Last year, Audi ran this beautiful, beautiful ad about pay gap.
JENNIFER BROWN: I remember it.
KAT GORDON: Yes. And it was stunning. Then Audi took a whole bunch of lumps in the press because they don’t have nearly the representation of women on their own board and in their own ranks.
I remember giving a quote to a reporter about that saying, “If we wait for only the companies that are above any reproach to make bold work or invite conversation, it’s going to be very quiet for a very long time.” Not that they get a pass, it’s a great conversation to have, and to make Audi declare their own plans. But if we say, “You’re not allowed to make an ad like that because you’re not at the level that a company should be.” You know this probably better than I do, Jennifer, there are so few companies that truly, truly are at a diversity level of walking the talk policy-wise, ambient belonging, all of it—so few.
It’s a journey. We’re all figuring it out. I want more brands to be brave and to risk looking not quite there yet.
JENNIFER BROWN: That is a beautiful call to action, Kat. Don’t wait, we don’t have time to wait, and your employees and the world want to hear from you and hear what you stand for. Just being able to say, “We are on a journey, we are leaning, and we are listening.” Even if it’s an imperfect approach, I agree with you, if we delay that learning process—and sometimes it needs to happen publicly. Sometimes that’s the best instigator for change, but we can’t wait. That’s the bottom line, and the theme I hear whenever you speak. There’s a sense of urgency. There is so much potential on the other side of this, and we have to continue to push through. As you said, “The only way around is through.” That pretty much sums it up.
Kat, thank you for everything you do. I want to highlight your two conferences this coming year. You mentioned the big event in the fall, which is going to be in Chicago November 8th and 9th, that’s the 3% Conference, where I spoke last year in New York. There’s a smaller one in April, can you tell us a little bit about that one?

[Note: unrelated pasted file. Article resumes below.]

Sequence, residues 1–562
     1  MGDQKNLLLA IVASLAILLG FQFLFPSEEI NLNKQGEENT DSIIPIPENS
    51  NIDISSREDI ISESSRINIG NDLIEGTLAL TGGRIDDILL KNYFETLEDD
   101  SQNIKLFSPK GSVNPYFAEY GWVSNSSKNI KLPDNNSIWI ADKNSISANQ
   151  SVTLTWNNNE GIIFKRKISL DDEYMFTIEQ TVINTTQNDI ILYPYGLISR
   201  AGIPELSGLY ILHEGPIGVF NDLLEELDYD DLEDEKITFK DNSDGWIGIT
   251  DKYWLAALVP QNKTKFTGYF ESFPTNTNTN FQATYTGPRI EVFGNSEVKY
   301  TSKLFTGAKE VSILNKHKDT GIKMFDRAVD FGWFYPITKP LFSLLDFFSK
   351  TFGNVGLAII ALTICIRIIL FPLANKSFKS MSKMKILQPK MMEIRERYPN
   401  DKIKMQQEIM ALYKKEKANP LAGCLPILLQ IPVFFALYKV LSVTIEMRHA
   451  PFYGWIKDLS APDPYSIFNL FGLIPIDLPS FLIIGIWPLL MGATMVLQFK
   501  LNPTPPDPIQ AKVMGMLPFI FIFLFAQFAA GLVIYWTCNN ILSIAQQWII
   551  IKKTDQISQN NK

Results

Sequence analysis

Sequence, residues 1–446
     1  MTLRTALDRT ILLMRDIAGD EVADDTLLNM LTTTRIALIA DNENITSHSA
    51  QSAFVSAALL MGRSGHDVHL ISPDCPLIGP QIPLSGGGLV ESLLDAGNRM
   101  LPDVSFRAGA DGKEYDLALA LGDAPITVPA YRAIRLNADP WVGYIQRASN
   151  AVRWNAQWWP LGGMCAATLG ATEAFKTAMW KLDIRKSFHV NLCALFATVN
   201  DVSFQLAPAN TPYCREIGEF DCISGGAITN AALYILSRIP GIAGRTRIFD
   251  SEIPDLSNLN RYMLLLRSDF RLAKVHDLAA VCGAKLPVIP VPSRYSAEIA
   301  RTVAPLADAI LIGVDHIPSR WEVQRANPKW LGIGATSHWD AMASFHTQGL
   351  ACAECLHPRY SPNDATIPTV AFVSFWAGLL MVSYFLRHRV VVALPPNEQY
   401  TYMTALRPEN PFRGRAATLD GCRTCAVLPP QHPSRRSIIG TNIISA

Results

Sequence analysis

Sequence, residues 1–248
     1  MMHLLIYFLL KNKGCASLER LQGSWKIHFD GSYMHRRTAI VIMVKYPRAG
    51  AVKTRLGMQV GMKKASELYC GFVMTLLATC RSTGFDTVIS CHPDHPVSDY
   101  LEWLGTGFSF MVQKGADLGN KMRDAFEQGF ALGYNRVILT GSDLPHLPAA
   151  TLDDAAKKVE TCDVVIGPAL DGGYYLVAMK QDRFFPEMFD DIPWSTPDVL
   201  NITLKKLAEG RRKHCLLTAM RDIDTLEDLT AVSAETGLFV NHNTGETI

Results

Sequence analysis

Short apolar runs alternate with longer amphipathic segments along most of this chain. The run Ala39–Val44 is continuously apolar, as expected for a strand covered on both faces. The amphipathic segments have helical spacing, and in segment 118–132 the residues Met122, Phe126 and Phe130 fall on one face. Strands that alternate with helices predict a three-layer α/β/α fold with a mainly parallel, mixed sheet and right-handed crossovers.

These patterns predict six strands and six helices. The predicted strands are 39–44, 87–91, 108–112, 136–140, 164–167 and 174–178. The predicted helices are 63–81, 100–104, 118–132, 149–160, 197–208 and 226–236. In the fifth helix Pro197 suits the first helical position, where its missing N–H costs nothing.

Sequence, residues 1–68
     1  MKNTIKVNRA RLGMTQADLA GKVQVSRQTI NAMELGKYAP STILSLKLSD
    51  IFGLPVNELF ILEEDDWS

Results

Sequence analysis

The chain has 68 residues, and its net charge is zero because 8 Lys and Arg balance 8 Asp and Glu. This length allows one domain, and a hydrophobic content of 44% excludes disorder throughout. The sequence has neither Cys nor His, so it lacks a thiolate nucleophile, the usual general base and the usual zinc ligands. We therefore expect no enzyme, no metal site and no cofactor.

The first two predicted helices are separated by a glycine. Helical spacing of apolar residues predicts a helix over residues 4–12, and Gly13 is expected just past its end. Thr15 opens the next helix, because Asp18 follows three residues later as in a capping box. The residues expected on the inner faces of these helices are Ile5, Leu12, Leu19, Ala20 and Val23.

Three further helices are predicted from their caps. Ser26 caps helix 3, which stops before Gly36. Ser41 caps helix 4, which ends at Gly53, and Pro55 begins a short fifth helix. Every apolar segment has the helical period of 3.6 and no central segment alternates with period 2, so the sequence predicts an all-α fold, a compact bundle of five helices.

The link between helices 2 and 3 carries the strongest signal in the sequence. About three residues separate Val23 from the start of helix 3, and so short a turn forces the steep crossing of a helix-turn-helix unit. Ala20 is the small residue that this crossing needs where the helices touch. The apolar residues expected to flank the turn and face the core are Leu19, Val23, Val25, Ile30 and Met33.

KAT GORDON: Yes. We done one traveling event a year, and it’s a one-day conference instead of a two-day conference. Instead of 1,000 people in attendance, it’s usually 300 to 400. We try to create a sub-theme around the event based on the geography of where we’re delivering it. It’s not just in LA, it’s in the Silicon Beach area in Playa Vista of LA. I live in Silicon Valley, but this little pocket of LA is fast becoming known as the hub for technological advancement.
We’re going to be exploring how technology intersects with our crusade. I already asked our lead producer, Andrea Nordgren, to go back to the 2014 conference in San Francisco where I delivered my opening remarks. And I remember saying that I firmly believe that technology will be a critical force in our crusade, because it’s easier to manage bias out of processes than out of people. We’re going to be revisiting that train of thought and say, “Okay, what technologies are happening that are making a dent and helping diversity take hold in companies?” Also, less of a softball that we’ll be launching is, “Why does this field have such difficulty getting it right in their own ranks?” You know, these technology companies are both the solution and the problem. It’s going to be a really rich discussion.
JENNIFER BROWN: I cannot wait. I must come to that one. I love the concept of how tech is going to help us overcome the intractable nature of our own biases. We can learn about unconscious bias all day long, it is so tough to route it out in ourselves and in others, but tech is going to help teach us, assist us, and maybe even hold us accountable to those biases so that we can build the muscle as humans to be better around our faulty writing, as I said in my book.
I love that space. It also made us realize that there is gendered language, there’s biased language in everything from job descriptions to performance reviews. And these subtle inequities have held so many people back. If we have a technology solution that points these things out, that helps us make different choices, I think it’s going to be a huge part of our strategy in combatting bias in the future.
I love the theme. Everybody, that is April 26th in LA. Don’t miss it. Kat Gordon, thank you so much for all the lightness that you bring to the world. I’m glad that you’re in the trenches with me.
KAT GORDON: It’s an honor.
JENNIFER BROWN: Thank you.